Amsterdam, A history of the world's most liberal city đź“š

I finished reading “Amsterdam, A history of the world’s most liberal city” last week and absolutely loved it. 5/5 🌟

The book is equally about a place, the people and an ideology it stands for - liberalism. Gedogen in Dutch means “illegal but tolerated” and Amsterdam seems to have developed this curious and unique attitude to so many social issues. There aren’t so many places in the world where human rights are equally respected, where you can smoke weed legally, sit by the canals appreciating architectural marvels, bike around almost anywhere without being run over by cars and appreciate some Rembrandt and Van Gogh in the most majestic art museums. The vibe is just magical and unreal. If you are curious about why things are the way they are, it’s impossible to leave the city without getting a few history books and that’s exactly what I did at the American Book Store.


The narration is beautiful. This is definitely a history book - the author describes how they built a city by draining the sea and building a dam to prevent the floods and how the Dutch East India Company made them immensely rich with trade and colonialism. We also meet real people who start over their lives leaving behind everything and moving to unknown lands to become early settlers. We read about true pioneers like Aletta Jacobs who made remarkable progress fighting for women’s rights and suffrage and Benno Premsela for gay rights. We meet celebrities like Anne Frank, Rembrandt and Spinoza. History books can’t just describe a sequence of events - this one is an avalanche of emotions, people and stories you cannot forget.


New and Old Amsterdams are 2 of my favourite cities in the world and this book made me realize again how connected they really are. Manhattan’s grid layout impressed me more than every other human achievement combined - sending humans to Mars looks so simple in comparison. This could be because I spent the 5 years before moving to NYC in one of the world’s most congested cities were going from one end to the other was an unspeakable nightmare. Every single day I commuted the length of the island from 125 St to Canal St without it being a ceremony, I’ve asked myself how NYC could do in 1811 what India cannot do now 200 years later. How could some parts of the world be centuries ahead of others?

The book describes an incident in which the English had to find a Dutch translator more than 100 years after the Dutch left to negotiate a trade deal with the native Indian population because it was the only European language known to them. Somehow Manhattan’s grid is so obvious after Amsterdam’s canals. It might not seem like the most astonishing human achievement to you, but I had such a great moment of epiphany connecting the dots.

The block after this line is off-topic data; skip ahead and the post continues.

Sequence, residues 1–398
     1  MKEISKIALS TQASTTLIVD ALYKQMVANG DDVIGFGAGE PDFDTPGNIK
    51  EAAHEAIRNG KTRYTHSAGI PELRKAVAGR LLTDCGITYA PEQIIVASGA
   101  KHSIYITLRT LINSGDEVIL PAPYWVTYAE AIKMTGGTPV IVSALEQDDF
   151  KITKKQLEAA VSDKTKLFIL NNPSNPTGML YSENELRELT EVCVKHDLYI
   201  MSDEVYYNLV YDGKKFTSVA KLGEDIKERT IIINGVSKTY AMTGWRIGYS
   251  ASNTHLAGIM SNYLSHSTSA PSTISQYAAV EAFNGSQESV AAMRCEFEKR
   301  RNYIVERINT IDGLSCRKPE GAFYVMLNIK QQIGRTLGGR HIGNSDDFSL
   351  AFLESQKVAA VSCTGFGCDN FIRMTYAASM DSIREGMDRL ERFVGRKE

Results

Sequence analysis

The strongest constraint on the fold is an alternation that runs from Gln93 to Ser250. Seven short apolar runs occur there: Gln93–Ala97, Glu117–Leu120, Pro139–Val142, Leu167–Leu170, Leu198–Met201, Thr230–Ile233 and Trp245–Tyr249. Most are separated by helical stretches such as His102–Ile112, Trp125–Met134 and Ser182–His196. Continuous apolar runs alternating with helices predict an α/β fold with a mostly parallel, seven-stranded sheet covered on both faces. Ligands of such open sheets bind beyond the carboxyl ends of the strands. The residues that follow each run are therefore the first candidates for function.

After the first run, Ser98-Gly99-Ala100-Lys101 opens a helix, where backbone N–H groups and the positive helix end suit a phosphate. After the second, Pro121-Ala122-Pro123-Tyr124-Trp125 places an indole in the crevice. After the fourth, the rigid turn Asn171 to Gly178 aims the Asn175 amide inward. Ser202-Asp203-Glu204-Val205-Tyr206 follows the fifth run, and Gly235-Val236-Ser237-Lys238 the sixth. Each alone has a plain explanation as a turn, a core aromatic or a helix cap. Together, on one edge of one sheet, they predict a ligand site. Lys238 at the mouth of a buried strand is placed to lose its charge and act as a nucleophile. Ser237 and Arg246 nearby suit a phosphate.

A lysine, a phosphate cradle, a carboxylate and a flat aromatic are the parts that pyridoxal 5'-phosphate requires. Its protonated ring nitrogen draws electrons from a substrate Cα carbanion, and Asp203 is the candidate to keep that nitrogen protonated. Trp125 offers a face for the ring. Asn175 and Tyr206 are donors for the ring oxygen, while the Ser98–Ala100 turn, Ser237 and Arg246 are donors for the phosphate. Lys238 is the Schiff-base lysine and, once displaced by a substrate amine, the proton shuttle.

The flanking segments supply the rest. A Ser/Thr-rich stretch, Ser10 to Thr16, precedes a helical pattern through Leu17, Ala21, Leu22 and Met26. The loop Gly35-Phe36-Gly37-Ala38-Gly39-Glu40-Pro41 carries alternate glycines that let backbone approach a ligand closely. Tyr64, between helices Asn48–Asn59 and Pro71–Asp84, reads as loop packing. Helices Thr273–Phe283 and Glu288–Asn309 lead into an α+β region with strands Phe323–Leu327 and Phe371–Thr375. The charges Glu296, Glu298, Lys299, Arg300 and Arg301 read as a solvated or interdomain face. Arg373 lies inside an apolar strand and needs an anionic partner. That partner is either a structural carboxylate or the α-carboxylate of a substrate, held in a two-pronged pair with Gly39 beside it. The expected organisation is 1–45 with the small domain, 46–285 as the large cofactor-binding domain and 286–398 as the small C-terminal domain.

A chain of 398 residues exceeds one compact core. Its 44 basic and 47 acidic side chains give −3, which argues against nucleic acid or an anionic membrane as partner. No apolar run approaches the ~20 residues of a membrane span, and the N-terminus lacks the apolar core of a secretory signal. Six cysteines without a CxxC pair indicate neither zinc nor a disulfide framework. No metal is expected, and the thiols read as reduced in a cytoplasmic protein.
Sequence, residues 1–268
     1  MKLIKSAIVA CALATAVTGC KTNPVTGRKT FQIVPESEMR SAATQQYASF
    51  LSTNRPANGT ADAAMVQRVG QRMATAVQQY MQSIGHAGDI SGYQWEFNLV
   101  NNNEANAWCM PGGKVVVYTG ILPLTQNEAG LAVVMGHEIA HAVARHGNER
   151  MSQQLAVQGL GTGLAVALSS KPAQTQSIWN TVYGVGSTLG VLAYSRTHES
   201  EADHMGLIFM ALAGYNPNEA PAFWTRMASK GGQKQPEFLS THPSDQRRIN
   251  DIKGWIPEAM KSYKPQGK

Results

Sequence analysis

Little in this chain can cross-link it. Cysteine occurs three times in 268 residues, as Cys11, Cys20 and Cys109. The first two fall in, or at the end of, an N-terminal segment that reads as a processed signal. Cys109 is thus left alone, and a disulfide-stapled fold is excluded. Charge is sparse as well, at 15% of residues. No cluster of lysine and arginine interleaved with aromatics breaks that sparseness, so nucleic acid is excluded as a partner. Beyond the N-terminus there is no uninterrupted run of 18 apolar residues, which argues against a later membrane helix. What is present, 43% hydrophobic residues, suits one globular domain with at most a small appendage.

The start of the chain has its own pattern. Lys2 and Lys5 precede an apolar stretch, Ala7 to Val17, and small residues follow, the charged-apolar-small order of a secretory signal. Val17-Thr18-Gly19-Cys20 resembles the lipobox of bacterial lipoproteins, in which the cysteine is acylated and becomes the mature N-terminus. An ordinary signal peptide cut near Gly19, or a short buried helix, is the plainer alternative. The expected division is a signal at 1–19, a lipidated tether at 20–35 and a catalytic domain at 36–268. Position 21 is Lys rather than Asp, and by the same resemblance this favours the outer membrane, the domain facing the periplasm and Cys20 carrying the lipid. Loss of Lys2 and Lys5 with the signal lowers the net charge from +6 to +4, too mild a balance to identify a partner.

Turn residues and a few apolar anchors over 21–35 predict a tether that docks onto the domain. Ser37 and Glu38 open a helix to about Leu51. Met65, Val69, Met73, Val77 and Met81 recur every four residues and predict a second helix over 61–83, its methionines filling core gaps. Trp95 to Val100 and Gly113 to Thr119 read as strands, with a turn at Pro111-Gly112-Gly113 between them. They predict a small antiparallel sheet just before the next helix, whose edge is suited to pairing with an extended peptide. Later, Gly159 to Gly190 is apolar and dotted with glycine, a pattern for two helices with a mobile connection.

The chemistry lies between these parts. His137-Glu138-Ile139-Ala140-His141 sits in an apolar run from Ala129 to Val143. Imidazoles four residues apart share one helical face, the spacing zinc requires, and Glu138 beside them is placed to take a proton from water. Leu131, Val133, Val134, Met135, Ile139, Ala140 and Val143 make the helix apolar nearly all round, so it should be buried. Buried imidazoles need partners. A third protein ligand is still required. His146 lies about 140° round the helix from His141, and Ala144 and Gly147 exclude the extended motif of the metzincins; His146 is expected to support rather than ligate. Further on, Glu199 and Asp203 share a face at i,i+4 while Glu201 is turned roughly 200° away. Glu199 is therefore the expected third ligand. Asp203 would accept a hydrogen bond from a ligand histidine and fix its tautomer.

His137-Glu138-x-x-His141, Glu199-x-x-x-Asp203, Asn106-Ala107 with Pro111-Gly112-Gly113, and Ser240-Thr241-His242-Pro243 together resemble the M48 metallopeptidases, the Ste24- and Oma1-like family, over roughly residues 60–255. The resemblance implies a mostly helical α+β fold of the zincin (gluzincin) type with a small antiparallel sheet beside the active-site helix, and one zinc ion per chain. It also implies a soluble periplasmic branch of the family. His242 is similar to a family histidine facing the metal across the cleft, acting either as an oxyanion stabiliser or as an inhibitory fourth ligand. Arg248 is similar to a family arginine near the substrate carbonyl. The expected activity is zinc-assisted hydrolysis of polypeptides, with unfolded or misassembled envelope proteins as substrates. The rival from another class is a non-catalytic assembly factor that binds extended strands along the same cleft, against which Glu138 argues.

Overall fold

NYC and Amsterdam both evolved to becoming the most liberal and cosmopolitan cities in the world. Both were at some point world’s wealthiest cities, largest ports and after opening doors to flocks of immigrants during days of prosecution and crisis, the most diverse as well.

To understand the extent of the VOC trade empire at the height of the Dutch Golden age, we could look at this would map from 1630.


Just 100 years after the first European reached India via the sea, we have a map that looks remarkably similar to the precise GPS versions we have now. This is before most of the science as we know of was invented. The company that dominated world trade also lead to one of the first stock exchanges where the average citizen invested some of their savings to lay the foundation of modern capitalism.

To be honest, even though I just said all that, during the short time I spent there I could barely find any brown people in the cafes and pubs I spent hours reading. The Dutch were liberal, but they definitely made life in Indonesia and other colonies hell and they waged wars all over the world including one quite close to where I was born and brought up. More Jews died proportionately in Amsterdam than almost anywhere else in Europe during WW2. There was definitely a time when the Catholic priests and nuns were stripped and killed and churches desecrated. A prime minister was killed on the streets and decapitated. Dutch Immigration laws aren’t great compared to Germany. I took me 46 days to get a 45 day Schengen visa.


There is a whole lot more. A brief glimpse into the Dutch monarchy and we learn how closely tied every European monarchy really is. The dutch took over the English crown once without even a war. For a while 30% of all the books published in world were from Amsterdam. Roots of religious tolerance and how Protestantism replaced Roman Catholicism. There is a lot said about how NYC influenced the rest of America and what it stands for. Obviously a lot about the canals and the tulip mania. This book made me think hard and I loved it ❤️